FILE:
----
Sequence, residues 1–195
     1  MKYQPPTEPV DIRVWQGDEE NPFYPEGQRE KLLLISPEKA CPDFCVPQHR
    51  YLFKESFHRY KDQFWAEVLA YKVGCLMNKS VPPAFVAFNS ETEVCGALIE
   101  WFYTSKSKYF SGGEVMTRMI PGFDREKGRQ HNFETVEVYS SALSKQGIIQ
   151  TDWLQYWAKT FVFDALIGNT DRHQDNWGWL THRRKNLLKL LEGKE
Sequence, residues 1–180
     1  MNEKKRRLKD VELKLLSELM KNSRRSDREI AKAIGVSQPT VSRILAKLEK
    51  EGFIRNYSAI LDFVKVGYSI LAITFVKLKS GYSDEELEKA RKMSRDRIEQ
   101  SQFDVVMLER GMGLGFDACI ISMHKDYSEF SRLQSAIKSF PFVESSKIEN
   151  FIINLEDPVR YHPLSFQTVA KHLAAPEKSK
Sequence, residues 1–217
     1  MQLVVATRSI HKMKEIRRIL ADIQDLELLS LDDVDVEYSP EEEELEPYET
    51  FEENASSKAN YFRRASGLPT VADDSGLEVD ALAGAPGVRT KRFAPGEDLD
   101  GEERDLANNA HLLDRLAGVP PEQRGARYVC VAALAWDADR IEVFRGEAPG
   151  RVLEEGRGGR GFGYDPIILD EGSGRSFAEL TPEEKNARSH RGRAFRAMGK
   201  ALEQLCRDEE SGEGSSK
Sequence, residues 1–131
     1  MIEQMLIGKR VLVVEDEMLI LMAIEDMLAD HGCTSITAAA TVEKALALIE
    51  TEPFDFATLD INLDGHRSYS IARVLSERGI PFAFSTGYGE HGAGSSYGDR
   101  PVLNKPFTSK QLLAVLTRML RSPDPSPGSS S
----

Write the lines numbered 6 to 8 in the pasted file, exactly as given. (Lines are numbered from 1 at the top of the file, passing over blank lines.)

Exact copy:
Sequence, residues 1–180
     1  MNEKKRRLKD VELKLLSELM KNSRRSDREI AKAIGVSQPT VSRILAKLEK
    51  EGFIRNYSAI LDFVKVGYSI LAITFVKLKS GYSDEELEKA RKMSRDRIEQ